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After the Mediterranean is an exhibition curated by Oriol Fontdevila that explores possible imaginaries. Overcoming the classical references to the Mediterranean as a sea of tranquility, commercial exchange and melting pot of cultures, the artists invited by Fontdevila belong to the generation born between the late 80s and early 90s and whose approaches are based on decolonial premises and a reality of climatic emergency.
Starting, then, from an imaginary very different from the one that awaits us in the coming months when Instagram accounts will be filled with idyllic snapshots captured from all kinds of boats and ships, the seven artists in the exhibition, coming from different countries of the Mediterranean area (Spain, France, Albania, Lebanon, Morocco…) investigate from very specific situations the great ecological and social challenges we are confronted with. The exhibition takes place in Hauser & Wirth Menorca, an institution that has carefully recovered the spaces adjacent to the old hospital of Illa del Rei, based on criteria of sustainability and protection of biodiversity. In its desire to integrate the project in the Menorcan context, Hauser & Wirth has offered the artists the opportunity to prepare their work in situ through a residency program and also to collaborate with local artists and artisans.
The exhibition opens with two clocks and a compass, two ways of measuring time and orienting oneself in space. Abi Shehu’s (Lezha, Albania, 1993) “clock” is the real-time image of a mountain in Lura, northern Albania, whose inhabitants measure the passage of time from the shadows cast as the position of the sun changes daily. The clock by Adjoa Armah (Accra, Ghana, 1988) is diversified into 12 sand clocks collected from different beaches in Menorca, activated during an inaugural performance that will let the sand fall until the end of the exhibition. The compass we mentioned corresponds to different sculptures inspired by objects found on the beaches and covered with materials such as paprika, charcoal, chalk and coffee, which have characterized the exchange and migratory routes.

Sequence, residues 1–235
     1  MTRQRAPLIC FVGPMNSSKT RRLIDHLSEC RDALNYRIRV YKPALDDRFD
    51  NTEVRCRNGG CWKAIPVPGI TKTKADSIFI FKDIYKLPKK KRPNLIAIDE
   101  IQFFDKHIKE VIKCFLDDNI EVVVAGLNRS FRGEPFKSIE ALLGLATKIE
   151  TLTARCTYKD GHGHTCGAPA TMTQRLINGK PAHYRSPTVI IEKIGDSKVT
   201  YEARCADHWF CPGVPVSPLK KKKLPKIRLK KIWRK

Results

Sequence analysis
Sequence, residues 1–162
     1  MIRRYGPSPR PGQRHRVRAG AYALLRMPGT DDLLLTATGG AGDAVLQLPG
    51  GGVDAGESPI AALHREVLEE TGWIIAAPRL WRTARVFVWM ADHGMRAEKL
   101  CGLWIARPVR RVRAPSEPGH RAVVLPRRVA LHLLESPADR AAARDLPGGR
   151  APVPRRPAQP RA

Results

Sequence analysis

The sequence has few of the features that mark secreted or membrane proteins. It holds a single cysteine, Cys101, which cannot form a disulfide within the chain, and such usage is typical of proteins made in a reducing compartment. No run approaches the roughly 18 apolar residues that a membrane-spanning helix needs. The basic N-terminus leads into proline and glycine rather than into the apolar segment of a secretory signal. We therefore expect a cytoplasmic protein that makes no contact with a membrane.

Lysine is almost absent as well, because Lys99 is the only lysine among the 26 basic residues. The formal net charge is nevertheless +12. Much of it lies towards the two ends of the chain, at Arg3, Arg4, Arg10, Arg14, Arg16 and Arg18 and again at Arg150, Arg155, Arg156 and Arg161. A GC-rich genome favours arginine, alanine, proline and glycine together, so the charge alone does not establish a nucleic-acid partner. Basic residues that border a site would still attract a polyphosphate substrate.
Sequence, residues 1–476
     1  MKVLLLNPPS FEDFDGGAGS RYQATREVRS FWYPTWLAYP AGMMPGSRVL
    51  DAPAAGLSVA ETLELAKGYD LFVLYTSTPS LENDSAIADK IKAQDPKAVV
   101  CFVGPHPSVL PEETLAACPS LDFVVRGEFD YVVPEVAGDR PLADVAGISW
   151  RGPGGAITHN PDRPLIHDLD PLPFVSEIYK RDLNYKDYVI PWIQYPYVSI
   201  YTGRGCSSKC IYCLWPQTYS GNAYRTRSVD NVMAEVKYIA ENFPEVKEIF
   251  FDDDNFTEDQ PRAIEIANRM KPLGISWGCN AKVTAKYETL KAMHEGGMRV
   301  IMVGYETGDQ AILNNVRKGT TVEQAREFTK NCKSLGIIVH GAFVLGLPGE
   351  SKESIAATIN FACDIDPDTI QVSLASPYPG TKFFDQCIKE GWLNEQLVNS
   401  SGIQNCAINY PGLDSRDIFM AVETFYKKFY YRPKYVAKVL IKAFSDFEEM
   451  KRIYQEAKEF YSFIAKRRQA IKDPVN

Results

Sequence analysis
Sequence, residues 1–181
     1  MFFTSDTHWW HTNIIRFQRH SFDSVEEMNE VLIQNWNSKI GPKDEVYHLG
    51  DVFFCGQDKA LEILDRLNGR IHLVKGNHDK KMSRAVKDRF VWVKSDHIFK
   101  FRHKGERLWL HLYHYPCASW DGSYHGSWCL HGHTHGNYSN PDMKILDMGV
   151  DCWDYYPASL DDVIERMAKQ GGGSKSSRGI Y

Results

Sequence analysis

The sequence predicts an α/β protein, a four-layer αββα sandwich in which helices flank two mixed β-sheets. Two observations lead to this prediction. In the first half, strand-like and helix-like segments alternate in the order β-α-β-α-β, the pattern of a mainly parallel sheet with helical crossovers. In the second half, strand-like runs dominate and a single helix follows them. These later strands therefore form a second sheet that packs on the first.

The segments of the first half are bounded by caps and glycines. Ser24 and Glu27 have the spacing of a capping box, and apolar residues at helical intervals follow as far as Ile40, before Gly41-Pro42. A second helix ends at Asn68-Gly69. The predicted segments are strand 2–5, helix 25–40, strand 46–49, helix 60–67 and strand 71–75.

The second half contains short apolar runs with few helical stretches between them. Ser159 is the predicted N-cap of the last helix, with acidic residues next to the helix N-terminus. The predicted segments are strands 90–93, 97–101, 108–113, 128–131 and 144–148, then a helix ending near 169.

The Mediterranean of intercepted migrations is what Abi Shehu talks about, focusing on the caves of the Vojsa River that crosses Albania and Greece, a migratory route in which detentions are made visible in the loss of teeth. Ceramic jars with teeth in their upper opening, created in collaboration with ceramist Blanca Madruga and local dentists, evoke these facts.
Sara Ouhaddou (Draguignan, France, 1986) questions the museography of the Museum of History in Marseille by creating a whole inventory of Marseille soap sculptures hiding ceramics, in order to recover and enhance the legacy of the city’s Arab past.
The Huniti Goldox collective (Areej Huniti -Jordan, 1989- and Eliza Goldox -RDA, 1985-) works from geological research and focuses on an element, salt, which made it possible for very fragile organisms to survive in the Mediterranean. Salt is also what will remain when, as a result of climate change, the sea is transformed into a salt desert. Between dystopia, science and poetics, Huniti Goldox’s video installation takes us into an atmosphere in which the disappearance of the sea gives way to the resurgence of the victims of the genocide of the European borders.
On the transcendence of historical facts from the everyday, Omar Mismar (Bekaa Valley, Lebanon, 1986) starts from a personal situation: the need to look for an apartment with balcony (need that come from the confinement) in Beirut. Analyzing the offers on real estate portals, he realizes that the exteriors – visible through windows or balconies – are blurred in the images, a fact in which the artist sees not only the need for real estate companies to protect the location of the apartments to avoid unfair concurrence, but, more importantly, the consequences of the still recent explosion in the port of Beirut that places it politically in a state of uncertainty.
The Mediterranean from a historical and personal perspective and also with a space for fiction articulates the work of Erola Arcalís (Mahón, 1986). From the story of her great-grandfather, a boat builder, she combines the views of the gray, opaque and calm Mediterranean and of his last boat that was left on dry land to host a naturist community. The artist brings us closer to a utopia that no longer has place and, at the same time, perhaps, still has no place.
In the outdoor garden of Hauser & Wirth, Laia Estruch (Barcelona, 1981) creates a structure of sails tensioned and fastened to the trees, a sort of scenic sculptures, which dialogue with the landscape and the wind, and allow a physical interaction that was activated through a phonetic intervention during the inauguration by the artist herself.
After the Mediterranean evokes, from a plural and culturally diverse point of view, fragments of spaces of possibilities, not exempt of frictions, that question the classic imaginaries linked to that sea and point to the current ecological and social urgencies. Absolutely relevant topics that make up the specific public program that is being worked on with the island’s educational institutions.
[Featured Image: Detail og ‘I Give You Back What’s Mine You Give Me Back What’s Yours’ (2020) by Sara Ouhaddou © Sara Ouhaddou
Courtesy Galerie Polaris and Hauser & Wirth. Photo: Carlos Torrico]
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